Active factor and sector allocations
MSCI ACWI Climate Change Index
MSCI ACWI Climate Paris Aligned Index
MSCI ACWI Climate Change Index (%)
MSCI ACWI Climate Paris Aligned Index (%)
Active allocations of the MSCI ACWI Climate Change and MSCI ACWI Climate Paris Aligned Indexes relative to MSCI ACWI for MSCI Global Equity Model (GEMLT) style factors and the Global Industry Classification Standard (GICS®), the global industry classification standard jointly developed by MSCI and S&P Global Market Intelligence.
Historically, these factor and sector allocations contributed to outperformance for these indexes over the longer-term (as shown below). Performance was consistent for both indexes, as the contribution from industry exposures was significant while the contribution from risk indexes was smaller (but still positive). Specific contribution was also positive for both indexes.
Long-term performance in detail
|ACWI Climate Change
|ACWI Climate Paris
|(FaCS value factor)||-0.05||-0.07|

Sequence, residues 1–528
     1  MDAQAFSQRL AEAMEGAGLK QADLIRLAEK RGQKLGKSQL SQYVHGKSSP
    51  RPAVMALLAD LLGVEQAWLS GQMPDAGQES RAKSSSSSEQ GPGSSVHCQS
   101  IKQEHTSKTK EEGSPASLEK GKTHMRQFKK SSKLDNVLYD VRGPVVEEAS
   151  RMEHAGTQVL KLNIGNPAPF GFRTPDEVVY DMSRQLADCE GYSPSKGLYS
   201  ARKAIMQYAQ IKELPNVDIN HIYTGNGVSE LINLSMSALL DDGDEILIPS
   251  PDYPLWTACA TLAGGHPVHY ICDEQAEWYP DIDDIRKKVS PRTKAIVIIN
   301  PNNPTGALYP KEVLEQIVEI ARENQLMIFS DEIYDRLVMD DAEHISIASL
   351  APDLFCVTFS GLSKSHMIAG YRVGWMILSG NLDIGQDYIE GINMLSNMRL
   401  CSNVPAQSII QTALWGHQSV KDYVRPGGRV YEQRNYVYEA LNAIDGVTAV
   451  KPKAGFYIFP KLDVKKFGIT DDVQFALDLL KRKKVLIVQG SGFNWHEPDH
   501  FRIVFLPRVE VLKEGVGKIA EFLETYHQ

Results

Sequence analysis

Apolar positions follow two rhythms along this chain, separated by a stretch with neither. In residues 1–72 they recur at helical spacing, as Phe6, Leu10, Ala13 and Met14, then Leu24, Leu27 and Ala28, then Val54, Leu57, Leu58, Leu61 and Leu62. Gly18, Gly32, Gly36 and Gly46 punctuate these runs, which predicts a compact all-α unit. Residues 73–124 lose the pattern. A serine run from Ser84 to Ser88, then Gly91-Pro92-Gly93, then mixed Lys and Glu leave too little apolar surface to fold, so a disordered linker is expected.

|Total active return||1.25||1.26|
Table shows the performance contribution from common factors based on performance attribution using MSCI Global Equity Model (GEMLT). Monthly data from Nov. 29, 2013, to Dec. 31, 2021.
First-half drags on performance
As previously mentioned, underweights to value stocks and the energy sector resulted in negative contribution to this year’s index performance through June 30 (as shown below). There were also industries in the information technology sector, such as semiconductors as well as software and services, that the MSCI ACWI Climate Change Index was positively exposed to and detracted from performance.
Short-term performance in detail
|ACWI Climate Change
|ACWI Climate Paris
|(FaCS value factor)||-0.62||-0.47|
|Total active return||-2.19||-1.66|
The table shows the performance contribution from common factors based on performance attribution using MSCI Global Equity Model (GEMLT). Monthly data from Dec. 31, 2021, to June 30, 2022